Commonwealth seems to be named for the Commonwealth of Virginia, where we view the critical events in the life of the six children. Besides Virginia, there are scenes in Los Angeles, Chicago, Iowa, New England, Switzerland, and maybe some other places I've overlooked. Further, it's not in precise chronological order, but moves around, sometimes as an ordinary narrative, sometimes as flashbacks.

There are only a bit more than 300 pages for all these developments of time, space, relationships, and themes of love and death and more, including hints that Commonwealth means more than just Virginia. Does this sound like it would make you dizzy? It made me dizzy. But I enjoyed it very much, and in the end it didn't seem that random.

Franny, a daughter of one of the fractured couples, is one of the most in-focus characters in the novel. In fact the first chapter takes place at her parents' home in Los Angeles, where they are celebrating her Christening. There's a free-wheeling atmosphere in this suburban, summery party, where oranges from the back-yard trees are squeezed and mixed with vodka and other booze, and where sandwiches and cookies are devoured by kids and adults.  Of course demons lurk: at the party, Franny's mother meets a colleague of her father and all the children are fated to be shuttled between the resulting rearranged homes.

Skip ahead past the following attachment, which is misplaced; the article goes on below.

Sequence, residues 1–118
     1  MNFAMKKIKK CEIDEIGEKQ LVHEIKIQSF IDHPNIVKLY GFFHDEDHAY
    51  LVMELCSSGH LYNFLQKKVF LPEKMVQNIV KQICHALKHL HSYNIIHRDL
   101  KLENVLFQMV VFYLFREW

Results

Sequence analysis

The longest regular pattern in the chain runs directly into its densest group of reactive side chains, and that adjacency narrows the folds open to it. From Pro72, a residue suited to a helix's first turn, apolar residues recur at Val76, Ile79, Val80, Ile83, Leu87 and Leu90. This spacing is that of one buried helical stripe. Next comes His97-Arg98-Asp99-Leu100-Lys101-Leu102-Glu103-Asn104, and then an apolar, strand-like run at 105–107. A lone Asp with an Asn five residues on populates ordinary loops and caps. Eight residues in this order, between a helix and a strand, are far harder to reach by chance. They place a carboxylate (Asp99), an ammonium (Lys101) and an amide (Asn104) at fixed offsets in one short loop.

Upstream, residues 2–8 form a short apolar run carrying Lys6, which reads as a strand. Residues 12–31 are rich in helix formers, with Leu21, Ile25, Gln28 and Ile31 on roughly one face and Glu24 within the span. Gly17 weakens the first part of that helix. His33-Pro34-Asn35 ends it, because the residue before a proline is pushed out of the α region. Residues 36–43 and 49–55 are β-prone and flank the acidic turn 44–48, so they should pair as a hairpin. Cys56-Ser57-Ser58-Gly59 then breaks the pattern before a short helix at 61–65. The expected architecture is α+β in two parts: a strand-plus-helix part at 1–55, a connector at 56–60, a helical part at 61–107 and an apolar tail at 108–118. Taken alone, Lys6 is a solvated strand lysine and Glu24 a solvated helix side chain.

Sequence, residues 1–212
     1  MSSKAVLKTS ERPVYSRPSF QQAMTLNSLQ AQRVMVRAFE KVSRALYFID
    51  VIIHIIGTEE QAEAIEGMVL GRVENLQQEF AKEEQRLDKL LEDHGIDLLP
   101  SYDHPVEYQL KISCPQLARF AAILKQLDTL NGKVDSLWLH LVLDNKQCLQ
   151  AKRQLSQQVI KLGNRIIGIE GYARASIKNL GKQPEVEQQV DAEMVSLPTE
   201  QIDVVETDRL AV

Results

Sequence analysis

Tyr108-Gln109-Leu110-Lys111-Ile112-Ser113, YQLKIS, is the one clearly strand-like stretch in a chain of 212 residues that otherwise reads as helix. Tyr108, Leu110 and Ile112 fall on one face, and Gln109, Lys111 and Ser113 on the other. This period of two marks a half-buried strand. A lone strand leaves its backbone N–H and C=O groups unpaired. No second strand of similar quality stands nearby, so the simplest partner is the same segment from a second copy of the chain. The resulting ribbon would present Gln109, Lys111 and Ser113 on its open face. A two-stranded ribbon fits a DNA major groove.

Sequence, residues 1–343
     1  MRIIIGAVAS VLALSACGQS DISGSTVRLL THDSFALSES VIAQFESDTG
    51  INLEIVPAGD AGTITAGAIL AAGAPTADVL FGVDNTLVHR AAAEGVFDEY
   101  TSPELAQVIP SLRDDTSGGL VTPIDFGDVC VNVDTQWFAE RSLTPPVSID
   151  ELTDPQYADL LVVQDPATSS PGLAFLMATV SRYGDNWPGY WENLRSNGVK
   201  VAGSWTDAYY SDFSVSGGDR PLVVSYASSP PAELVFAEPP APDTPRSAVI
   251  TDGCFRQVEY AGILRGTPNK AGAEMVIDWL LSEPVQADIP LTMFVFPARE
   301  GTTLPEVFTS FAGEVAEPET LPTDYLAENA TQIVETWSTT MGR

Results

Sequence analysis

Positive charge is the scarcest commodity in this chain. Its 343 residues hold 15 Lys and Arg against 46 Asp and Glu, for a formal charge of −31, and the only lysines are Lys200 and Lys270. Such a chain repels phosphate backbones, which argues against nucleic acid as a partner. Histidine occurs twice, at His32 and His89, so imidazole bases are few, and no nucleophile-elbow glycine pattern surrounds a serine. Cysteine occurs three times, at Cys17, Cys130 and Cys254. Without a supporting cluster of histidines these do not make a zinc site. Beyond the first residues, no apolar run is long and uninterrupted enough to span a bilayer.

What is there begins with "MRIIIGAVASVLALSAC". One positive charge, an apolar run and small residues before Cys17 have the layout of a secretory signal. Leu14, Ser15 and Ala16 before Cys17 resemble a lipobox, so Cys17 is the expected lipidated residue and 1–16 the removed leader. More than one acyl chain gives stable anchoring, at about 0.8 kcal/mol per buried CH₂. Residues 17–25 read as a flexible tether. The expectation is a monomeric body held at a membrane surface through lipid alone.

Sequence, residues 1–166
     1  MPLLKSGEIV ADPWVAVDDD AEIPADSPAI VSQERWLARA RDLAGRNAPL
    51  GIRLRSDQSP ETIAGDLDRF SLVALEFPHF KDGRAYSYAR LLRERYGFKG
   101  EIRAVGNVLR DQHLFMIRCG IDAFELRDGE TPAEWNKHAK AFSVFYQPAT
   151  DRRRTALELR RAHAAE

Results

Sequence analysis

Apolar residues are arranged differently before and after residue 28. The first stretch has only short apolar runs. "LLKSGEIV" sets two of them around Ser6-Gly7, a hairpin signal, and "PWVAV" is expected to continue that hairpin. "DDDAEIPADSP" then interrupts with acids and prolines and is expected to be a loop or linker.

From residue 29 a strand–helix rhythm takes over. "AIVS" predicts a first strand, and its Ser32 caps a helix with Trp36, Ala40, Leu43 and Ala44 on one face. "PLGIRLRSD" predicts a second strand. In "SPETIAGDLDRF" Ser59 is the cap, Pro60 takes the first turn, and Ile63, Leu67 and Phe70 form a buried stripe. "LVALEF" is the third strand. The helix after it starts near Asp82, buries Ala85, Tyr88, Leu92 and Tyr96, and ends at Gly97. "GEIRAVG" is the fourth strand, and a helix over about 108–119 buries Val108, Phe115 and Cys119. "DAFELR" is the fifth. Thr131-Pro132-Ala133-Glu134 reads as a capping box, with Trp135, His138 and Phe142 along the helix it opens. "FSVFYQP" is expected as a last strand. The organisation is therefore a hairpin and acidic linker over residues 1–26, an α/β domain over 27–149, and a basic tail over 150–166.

Food and drinks are always a part of Franny's life. After dropping out of law school, she works as a cocktail waitress at the Palmer House in Chicago (where we stayed a couple of years ago, as it happens: this made the book more vivid for me!) She then lives with a famous writer whose works she loves, perhaps more than she loves him;  he's 32 years older than she is. Another party, in the middle of the book, lasts for weeks during a vacation stay in a mansion in New England.